U.S. airlines stand to benefit from flight cutbacks by Dubai-based Emirates, which blamed President Donald Trump’s travel restrictions for hurting demand from Middle Eastern passengers.
Emirates will pare service to five U.S. cities after the country banned on-board electronics on flights from some Middle Eastern airports and attempted to block travel from six predominantly Muslim nations. That trims competition from the biggest Persian Gulf carrier—a persistent irritant to long-haul U.S. operators that see it as an unfair rival.
With fewer flights, some Emirates passengers may switch to big European airlines and their U.S. partners for travel from the Middle East and Asia. American Airlines Group Inc., Delta Air Lines Inc. and United Continental Holdings Inc. have prodded U.S. officials for two years to act on their complaints that $50 billion in government support has enabled Emirates, Etihad Airways PJSC and Qatar Airways Ltd. to compete unfairly.
“Any reduction in capacity from them is only a good thing for U.S. airlines,” said Joe DeNardi, an analyst at Stifel Financial Corp.
Etihad said demand remained strong for flights to the U.S. and pledged to upgrade New York service by using Airbus SE A380 super jumbo jets. Qatar Airways, which also serves airports affected by the laptop ban, didn’t immediately comment on its own capacity in the U.S.
“I understand the problem and I agree as a business traveler, that’s my most productive travel and now I’m looking to book through Europe,” said Michael Weiss, an Atlanta businessman who frequently travels to the Middle East and has preferred the customer service on Qatar Airways. “Fellow peers are doing the same thing because we need to be able to work.”
A Bloomberg index of U.S. airlines advanced 1.4 percent at the close in New York, the biggest gain in three weeks.
American declined to comment. United and Delta referred questions to the Partnership for Open & Fair Skies, which represents the carriers and several airline unions. In a statement Wednesday, that group said the Persian Gulf carriers were “propped up by billions of dollars in government cash” and as a result have never considered market demand in deciding where to fly.
Emirates’ service to Seattle, Boston and Los Angeles will drop to one a day from two, while Fort Lauderdale and Orlando will get five flights a week, compared with daily services now. The changes will be phased in starting on May 1, the airline said in a statement Wednesday.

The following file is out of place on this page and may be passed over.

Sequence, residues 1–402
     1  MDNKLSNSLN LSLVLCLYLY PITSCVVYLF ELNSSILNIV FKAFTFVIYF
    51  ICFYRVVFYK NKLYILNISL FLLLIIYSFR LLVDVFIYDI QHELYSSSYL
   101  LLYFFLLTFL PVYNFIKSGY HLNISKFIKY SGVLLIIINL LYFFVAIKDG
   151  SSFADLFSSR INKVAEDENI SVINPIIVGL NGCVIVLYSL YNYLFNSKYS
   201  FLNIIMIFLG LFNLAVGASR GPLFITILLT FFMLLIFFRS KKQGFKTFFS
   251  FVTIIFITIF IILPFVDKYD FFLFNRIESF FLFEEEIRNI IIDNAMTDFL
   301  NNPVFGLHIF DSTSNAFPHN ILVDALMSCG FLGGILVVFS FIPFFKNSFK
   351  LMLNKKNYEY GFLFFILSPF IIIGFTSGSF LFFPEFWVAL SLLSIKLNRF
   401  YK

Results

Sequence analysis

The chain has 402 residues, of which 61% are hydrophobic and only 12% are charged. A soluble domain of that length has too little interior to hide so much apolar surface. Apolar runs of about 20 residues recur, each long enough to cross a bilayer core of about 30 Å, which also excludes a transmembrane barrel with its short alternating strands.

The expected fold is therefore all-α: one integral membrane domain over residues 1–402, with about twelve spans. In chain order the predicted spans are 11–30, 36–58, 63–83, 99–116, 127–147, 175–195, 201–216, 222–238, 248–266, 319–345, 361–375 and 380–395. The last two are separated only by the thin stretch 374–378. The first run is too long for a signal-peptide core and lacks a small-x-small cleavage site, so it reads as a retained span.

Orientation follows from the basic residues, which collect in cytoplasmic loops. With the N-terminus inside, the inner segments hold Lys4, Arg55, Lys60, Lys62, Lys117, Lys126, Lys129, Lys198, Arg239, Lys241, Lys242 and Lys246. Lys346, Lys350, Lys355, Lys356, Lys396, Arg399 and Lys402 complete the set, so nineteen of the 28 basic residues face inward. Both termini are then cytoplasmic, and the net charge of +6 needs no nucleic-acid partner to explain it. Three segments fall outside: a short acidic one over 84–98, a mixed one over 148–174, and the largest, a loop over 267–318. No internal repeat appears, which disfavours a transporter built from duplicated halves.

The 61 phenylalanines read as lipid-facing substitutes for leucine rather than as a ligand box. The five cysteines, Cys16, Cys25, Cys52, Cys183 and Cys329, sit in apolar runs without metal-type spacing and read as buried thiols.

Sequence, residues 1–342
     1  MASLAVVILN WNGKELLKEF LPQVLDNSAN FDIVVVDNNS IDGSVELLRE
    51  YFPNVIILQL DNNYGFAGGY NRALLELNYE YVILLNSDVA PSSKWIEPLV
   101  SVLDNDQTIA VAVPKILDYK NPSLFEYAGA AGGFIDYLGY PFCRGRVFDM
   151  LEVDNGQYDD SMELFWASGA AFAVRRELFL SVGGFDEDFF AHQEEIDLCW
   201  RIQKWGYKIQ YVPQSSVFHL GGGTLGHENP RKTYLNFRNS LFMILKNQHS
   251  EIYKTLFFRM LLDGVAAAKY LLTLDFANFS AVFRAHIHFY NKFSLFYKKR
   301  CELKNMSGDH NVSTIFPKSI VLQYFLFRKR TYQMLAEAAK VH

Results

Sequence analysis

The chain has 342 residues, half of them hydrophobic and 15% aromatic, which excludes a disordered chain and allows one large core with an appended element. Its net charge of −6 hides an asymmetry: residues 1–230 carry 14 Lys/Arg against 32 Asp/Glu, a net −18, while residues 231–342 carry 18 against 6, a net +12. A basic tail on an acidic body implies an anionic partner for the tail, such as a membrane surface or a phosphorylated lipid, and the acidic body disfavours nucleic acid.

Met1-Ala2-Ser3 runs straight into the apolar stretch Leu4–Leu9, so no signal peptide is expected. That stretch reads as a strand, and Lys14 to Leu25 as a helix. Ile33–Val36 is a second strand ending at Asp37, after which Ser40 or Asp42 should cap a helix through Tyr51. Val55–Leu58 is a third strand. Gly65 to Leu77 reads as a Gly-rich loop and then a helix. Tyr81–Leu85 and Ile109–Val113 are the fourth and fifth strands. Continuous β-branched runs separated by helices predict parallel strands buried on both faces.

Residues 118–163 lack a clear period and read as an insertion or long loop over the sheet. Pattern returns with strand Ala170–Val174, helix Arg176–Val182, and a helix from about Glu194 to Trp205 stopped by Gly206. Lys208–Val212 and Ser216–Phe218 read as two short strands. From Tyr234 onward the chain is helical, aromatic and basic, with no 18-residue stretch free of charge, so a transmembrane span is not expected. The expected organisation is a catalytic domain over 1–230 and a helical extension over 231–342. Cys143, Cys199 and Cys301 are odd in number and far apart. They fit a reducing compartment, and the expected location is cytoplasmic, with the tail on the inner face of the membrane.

“The recent actions taken by the U.S. government relating to the issuance of entry visas, heightened security vetting and restrictions on electronic devices in aircraft cabins, have had a direct impact on consumer interest and demand for air travel into the U.S.,” Emirates said. “Over the past three months, we have seen a significant deterioration in the booking profiles on all our U.S. routes, across all travel segments.”
Emirates will redeploy some U.S. capacity to serve routes across its global network. The carrier’s Dubai hub was one of the 10 airports affected by a ban on electronics in carry-on luggage on U.S.-bound flights. Trump’s order restricting visitors from six countries—Iran, Libya, Somalia, Sudan, Syria and Yemen—has been blocked in court.
Emirates, which serves 12 U.S. cities as part of its network of more than 150 destinations worldwide, will “closely monitor” the situation with the “view to reinstate and grow” its U.S. operations as soon as viable, it said.
Emirates, Etihad and Qatar Airways have grabbed a substantial portion of the lucrative market for travel from the Americas and Europe to the Middle East, Asia, Africa and Australia by developing their home bases into huge transfer hubs. If travelers look to European carriers to get to the Middle East or India, U.S. carriers could benefit through revenue-sharing agreements with partner airlines.
“If Emirates slashes their presence to Seattle in half, that’s a few hundred seats a week,” said Peter van der Lende, a former Delta executive who worked on global alliances. “That traffic would have gone to Dubai and beyond. Some of that traffic needs to find other solutions. The one that’s on top of the list to receive that traffic is Delta,” which has a Seattle hub.
Some of the flights Emirates is cutting may not have been very profitable, van der Lende said. Florida cities often attract more leisure travelers than lucrative business fliers. Boston doesn’t work as well as other Emirates destinations such as Dallas for flight connections to other U.S. cities.
“I think they were hurt by both bans, but most likely those routes were marginally profitable, if at all,” said van der Lende, who’s now a business development consultant in Atlanta with Expand360.